1/ These provisions prohibit public employers, their representatives or agents from: "(1) Interfering with, restraining or coercing employees in the exercise of the rights guaranteed to them by this act. (5) Refusing to negotiate in good faith with a majority representative of employees in an appropriate unit concerning terms and conditions of employment of employees in that unit, or refusing to process grievances presented by the majority representative.
Grievance procedures, as outlined in the agreements with the respective associations, are waived with the exception of disciplinary action.
The grievance procedure contained in the 1993-1996 collective agreement states the following:
The term "Grievance" shall mean an allegation that there has been:
1. A breach, misinterpretation, or improper application of the terms of this Agreement; or
2. A claimed violation, misinterpretation, or misapplication of the written rules and regulations, policy or procedures affecting the terms and conditions of employment.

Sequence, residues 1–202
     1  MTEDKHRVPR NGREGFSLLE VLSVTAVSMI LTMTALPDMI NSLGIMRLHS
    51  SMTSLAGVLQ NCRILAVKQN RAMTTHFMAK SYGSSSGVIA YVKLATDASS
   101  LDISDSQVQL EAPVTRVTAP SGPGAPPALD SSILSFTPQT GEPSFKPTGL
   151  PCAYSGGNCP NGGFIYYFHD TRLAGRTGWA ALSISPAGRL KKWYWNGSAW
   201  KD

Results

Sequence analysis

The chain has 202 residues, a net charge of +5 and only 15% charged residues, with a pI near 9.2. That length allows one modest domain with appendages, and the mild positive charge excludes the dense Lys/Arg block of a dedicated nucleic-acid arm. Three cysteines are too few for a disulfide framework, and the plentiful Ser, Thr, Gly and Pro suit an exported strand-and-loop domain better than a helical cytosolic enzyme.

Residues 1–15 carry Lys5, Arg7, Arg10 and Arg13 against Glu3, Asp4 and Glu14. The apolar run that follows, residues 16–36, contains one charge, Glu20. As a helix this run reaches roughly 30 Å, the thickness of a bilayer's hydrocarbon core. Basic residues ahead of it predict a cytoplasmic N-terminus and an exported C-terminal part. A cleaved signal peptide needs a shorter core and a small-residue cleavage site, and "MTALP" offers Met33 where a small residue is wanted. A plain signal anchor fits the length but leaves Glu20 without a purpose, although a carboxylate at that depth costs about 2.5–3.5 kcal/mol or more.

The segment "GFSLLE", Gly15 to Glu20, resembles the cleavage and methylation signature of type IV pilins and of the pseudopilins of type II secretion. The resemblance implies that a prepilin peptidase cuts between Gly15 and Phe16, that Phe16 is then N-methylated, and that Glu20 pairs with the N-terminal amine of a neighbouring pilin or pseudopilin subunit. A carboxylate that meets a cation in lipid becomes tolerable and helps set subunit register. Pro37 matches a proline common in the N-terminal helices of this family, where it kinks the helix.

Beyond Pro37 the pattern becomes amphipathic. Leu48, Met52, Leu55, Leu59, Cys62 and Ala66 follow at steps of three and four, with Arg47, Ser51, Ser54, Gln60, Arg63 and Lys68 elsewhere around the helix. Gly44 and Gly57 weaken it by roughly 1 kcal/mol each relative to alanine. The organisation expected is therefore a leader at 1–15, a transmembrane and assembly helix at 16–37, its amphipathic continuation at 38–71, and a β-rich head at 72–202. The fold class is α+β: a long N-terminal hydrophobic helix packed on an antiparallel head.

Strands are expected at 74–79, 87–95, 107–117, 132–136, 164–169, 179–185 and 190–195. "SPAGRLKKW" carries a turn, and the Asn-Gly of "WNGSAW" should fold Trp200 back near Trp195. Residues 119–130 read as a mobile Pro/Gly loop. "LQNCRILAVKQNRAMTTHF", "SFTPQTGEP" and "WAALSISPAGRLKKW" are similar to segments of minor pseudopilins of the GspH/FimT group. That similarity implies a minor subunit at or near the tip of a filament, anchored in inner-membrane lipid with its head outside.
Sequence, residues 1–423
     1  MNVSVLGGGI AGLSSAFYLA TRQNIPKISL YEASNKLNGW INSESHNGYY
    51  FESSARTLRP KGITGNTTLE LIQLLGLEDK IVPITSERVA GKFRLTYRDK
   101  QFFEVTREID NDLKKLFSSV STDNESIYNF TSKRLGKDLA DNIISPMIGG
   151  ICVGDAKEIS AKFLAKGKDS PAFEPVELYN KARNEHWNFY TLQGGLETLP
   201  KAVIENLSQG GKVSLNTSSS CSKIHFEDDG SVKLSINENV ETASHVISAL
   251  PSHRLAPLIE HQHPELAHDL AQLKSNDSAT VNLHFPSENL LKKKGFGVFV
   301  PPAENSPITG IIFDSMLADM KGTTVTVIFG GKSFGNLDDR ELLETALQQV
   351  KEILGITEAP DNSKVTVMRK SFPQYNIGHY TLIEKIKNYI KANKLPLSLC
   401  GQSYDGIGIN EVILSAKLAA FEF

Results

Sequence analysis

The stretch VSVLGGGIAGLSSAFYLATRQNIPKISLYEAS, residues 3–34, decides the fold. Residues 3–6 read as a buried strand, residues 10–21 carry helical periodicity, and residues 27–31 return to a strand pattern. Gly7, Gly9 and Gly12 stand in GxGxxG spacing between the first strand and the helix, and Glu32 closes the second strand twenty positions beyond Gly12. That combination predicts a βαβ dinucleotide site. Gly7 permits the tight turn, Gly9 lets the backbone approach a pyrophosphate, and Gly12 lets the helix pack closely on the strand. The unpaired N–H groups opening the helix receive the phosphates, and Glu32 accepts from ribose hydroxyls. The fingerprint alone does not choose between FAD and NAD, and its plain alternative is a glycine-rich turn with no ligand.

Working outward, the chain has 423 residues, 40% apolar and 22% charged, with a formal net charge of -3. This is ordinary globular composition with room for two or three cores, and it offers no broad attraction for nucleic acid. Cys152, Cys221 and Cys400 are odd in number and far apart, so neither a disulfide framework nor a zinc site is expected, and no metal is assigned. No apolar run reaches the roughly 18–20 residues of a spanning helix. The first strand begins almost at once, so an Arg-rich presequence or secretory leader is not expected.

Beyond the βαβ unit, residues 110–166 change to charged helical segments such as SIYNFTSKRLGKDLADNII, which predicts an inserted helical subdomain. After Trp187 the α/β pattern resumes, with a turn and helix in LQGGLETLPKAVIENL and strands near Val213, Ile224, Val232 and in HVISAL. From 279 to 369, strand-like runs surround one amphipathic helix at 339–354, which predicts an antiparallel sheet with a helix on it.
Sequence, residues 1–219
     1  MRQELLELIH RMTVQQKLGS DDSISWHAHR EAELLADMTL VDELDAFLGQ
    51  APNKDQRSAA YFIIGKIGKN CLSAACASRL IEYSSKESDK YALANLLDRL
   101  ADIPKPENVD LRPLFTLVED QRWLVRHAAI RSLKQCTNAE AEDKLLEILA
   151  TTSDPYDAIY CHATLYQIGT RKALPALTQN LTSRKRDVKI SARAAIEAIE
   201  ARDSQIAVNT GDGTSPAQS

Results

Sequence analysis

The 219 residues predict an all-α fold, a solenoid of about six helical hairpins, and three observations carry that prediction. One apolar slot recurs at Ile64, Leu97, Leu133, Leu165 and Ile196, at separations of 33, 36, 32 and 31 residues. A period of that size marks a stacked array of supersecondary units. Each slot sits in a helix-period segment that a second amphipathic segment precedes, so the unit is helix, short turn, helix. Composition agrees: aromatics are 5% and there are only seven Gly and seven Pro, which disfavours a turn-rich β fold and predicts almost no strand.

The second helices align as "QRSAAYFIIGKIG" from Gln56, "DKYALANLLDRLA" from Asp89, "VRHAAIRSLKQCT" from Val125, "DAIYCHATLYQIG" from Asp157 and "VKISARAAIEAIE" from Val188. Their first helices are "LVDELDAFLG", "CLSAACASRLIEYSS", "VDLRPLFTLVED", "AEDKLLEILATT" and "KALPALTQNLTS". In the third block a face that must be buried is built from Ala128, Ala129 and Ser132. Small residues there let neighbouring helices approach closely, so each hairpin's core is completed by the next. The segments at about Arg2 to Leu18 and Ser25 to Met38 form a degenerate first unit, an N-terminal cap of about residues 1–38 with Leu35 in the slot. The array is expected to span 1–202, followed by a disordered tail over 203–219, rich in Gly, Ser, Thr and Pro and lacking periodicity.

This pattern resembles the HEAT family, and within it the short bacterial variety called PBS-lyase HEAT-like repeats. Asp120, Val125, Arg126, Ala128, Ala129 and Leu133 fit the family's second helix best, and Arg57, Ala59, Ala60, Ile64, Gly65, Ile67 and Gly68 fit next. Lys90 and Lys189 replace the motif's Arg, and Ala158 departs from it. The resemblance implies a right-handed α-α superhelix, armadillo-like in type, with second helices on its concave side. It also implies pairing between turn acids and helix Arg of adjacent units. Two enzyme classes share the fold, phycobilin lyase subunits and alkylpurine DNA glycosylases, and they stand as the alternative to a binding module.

It appears that over the years, the Division has established supplemental or special overtime programs to enhance the police presence in targeted areas. Apparently, such programs were often state or federally funded. Such programs included the Supplemental Construction Program, Driving While Intoxicated Surcharge Enforcement Program, Highway Occupancy Vehicle Traffic Enforcement Program, Meadowlands Sports Complex Program, the Aggressive Driver Program and the Holiday Sobriety Checkpoint Program. The Division issued operations instructions which detailed the mechanics by which the programs operated. It appears that the State and the Association communicated regarding the elements contained in the operations instructions which ultimately resulted in the Association expressing no objection to the provisions contained in the operations instructions issued pertaining to a particular program. Apparently, the parties periodically executed letters of understanding relating to the supplemental overtime